By Sally Apgar
A federal review committee yesterday called the return of treasured artifacts to a native Hawaiian organization that reburied them in caves on the Big Island "a seriously flawed process."
The advisory ruling was a blow to Hui Malama I Na Kupuna O Hawaii Nei, a politically connected group that was founded in 1989 to repatriate human remains and artifacts so they can be reburied to honor ancestors.
Hui Malama spearheaded the repatriation movement in Hawaii, but has become controversial, partly because of its role in repatriating items to Kawaihae cave.
Edward Halealoha Ayau, a spokesperson for Hui Malama, left the hearing at the East-West Center on the campus of the University of Hawaii-Manoa shortly after the ruling and declined to comment.
"This decision is a complete surprise to me," said La'akea Suganuma, who represents the Royal Hawaiian Academy of Traditional Arts, which for years has been at odds with Hui Malama and the Bishop Museum over the "loan" of 83 artifacts from Kawaihae cave.
"This committee came to Hawaii to hear the truth from the people. The people spoke. Never before have I seen families, royal societies and plain people just come forth with the truth like this," Suganuma said.
The review committee, which renders nonbinding recommendations in such disputes, was created by the federal Native American Graves Protection and Repatriation Act. NAGPRA was enacted to set up a procedure for artifacts and human remains in museum collections to be returned to Native American and native Hawaiian claimants.
In February 1990, Bishop Museum crated the 83 artifacts in its collection from Kawaihae cave and gave them to Hui Malama.
The inventory list accompanying the crate labeled the transaction "a one-year loan." The items were never returned despite repeated requests from the museum.
Ayau was grilled by the committee on Monday about the loan that he signed.
"Our understanding was that it was to facilitate the repatriation," he said. "It was not our intent to return them and not our understanding that the museum intended return."
When asked if the other claimants had given him permission, Ayau said, "We understood we had it."
The other claimants have said that is not the case.
Committee member Vincas Stephanaitis blamed the dispute on both Hui Malama and the past administration of the museum.
"The flaws in this repatriation case are so egregious I have never seen anything like it and hope never to see it again," Stephanaitis said.
The dispute with Suganuma's group arose because 12 claimants said they wanted to review the repatriation and some of those claimants wanted the items returned. Ayau has repeatedly said that if there is any dispute among the 13 "owners," it should be resolved in court, not by NAGPRA.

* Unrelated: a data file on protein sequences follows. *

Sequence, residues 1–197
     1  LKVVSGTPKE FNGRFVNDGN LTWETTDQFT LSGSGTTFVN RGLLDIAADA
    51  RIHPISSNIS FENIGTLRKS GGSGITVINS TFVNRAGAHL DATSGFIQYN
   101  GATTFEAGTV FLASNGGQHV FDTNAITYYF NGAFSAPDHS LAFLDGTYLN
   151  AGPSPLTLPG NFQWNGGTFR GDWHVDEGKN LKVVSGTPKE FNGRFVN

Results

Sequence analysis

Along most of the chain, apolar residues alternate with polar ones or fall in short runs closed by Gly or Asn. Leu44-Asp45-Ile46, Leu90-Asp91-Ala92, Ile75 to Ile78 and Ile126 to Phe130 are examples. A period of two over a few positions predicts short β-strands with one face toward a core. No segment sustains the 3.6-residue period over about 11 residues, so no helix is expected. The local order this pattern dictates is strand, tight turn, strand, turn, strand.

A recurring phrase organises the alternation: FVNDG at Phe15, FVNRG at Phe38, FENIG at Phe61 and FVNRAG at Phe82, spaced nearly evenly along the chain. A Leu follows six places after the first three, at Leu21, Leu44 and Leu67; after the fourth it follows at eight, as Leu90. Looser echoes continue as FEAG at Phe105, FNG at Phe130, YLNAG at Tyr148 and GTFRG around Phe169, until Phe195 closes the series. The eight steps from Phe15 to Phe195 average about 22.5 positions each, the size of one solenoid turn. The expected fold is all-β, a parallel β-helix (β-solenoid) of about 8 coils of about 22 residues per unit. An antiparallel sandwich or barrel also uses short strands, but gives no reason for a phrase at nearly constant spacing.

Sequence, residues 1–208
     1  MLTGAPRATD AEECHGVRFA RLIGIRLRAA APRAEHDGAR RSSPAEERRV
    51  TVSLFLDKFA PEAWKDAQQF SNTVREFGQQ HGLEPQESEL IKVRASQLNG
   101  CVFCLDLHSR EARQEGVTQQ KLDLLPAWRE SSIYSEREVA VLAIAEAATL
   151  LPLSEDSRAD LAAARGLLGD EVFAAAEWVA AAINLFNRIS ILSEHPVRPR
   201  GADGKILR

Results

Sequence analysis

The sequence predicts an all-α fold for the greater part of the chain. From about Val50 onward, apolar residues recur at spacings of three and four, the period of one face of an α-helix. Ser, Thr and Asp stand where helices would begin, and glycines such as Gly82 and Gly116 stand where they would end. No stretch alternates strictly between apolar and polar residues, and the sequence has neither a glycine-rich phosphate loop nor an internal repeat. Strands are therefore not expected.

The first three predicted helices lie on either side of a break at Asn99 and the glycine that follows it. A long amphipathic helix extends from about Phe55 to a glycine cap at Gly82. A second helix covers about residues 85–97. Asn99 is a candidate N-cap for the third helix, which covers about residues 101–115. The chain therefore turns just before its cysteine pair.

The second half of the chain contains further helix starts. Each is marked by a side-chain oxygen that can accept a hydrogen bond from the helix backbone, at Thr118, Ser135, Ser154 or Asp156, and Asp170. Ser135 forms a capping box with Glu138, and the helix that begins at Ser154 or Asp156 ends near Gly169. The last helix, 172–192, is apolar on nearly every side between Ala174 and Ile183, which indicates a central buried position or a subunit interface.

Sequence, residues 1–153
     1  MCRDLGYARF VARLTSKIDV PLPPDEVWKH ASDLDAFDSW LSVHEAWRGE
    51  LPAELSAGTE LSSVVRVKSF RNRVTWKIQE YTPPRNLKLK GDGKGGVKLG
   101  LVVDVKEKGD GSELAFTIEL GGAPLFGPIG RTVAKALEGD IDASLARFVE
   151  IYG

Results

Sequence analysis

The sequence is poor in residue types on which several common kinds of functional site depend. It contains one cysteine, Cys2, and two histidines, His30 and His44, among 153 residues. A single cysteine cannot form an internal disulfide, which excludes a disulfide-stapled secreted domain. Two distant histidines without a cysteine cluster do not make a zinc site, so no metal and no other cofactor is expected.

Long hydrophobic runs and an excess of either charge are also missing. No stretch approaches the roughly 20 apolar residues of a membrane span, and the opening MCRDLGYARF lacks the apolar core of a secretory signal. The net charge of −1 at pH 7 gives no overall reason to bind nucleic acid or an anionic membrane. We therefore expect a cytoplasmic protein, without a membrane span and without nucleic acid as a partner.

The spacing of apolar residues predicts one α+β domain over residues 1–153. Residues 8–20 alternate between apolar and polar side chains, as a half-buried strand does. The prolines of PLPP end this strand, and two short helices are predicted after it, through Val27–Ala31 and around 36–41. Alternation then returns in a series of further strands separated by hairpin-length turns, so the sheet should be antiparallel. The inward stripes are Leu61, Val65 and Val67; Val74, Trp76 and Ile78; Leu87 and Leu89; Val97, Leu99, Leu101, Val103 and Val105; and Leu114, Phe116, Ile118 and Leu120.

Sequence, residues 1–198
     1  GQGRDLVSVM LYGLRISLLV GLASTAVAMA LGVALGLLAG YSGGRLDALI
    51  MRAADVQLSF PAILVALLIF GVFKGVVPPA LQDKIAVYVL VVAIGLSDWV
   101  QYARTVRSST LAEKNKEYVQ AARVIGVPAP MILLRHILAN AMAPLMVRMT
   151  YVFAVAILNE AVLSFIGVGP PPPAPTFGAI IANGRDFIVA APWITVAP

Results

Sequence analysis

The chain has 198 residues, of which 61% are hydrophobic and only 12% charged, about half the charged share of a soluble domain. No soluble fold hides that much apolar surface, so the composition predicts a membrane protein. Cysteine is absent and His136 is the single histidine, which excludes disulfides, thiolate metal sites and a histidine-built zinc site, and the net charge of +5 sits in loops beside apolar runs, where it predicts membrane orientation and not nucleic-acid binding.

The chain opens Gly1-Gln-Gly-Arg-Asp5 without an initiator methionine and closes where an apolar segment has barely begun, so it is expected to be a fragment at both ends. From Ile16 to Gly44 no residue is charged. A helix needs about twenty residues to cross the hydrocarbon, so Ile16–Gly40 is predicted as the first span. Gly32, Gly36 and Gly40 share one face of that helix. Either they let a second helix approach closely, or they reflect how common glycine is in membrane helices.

Committee member Dan Monroe said, "The process was flawed and excluded the involvement of other claimants."
"This is an incredibly difficult matter and not one the review committee can resolve, but one the native Hawaiians can resolve," he said.
The review committee came to Hawaii this week to hear the Kawaihae dispute at the request of Hui Malama.
Several review committee members stressed they were not saying whether one side was right or wrong. They specifically did not say whether the items should be returned from the cave. They said the process needed to be redone and that it all rested in the hands of the native Hawaiians.
Bishop Museum Director Bill Brown was pleased with the decision, saying it "concurs with their findings and recommendations."
Also yesterday, the committee made findings and recommendations on other disputes:
» In a fight between Hui Malama and Hawaii National Volcanoes park over five items it has in its collection from Kawaihae cave, the committee found that the park has taken 10 years to mull the issue and needs to speed up its efforts to consult with 46 claimants. The park has said it will try to complete repatriation by the end of this year.
» In a second dispute over three items found on Molokai that are in Bishop Museum's collection, the committee recommended that the museum move toward repatriation of the items, which include a kii, an 8-inch stick figure with human face carved in a dark wood. Brown said the museum disagrees with the committee and does not intend to repatriate the kii.
» The last dispute involves Hui Malama and the museum over what is called the Kalaina Wawae or footprints in three sandstone blocks that were found on Molokai, put into the museum's collection and then recently restored to the beach and placed in a structure so that they can be viewed.
The story of the footprints stems from a prophecy made by a young woman, Kuuna, several hundred years ago. She drew footprints in the sand of bare feet and square-toed boots. She said that foreigners who would make the boot prints would hurt Hawaiians. Afraid of her prophecy, people promptly stoned her to death.
In a private agreement, struck outside of NAGPRA's jurisdiction, the museum sent the footprints to Molokai but retained legal ownership. The museum said it regained control because it views its stewardship as long-term and wants recourse if the prints are threatened in the future.
"We would not move the stones without consulting extensively with the people of Molokai," Brown said.
Hui Malama I Na Kupuna O Hawaii Nei
U.S. Interior Dept. -NAGPRA
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Original article URL: http://starbulletin.com/2005/03/16/news/story1.html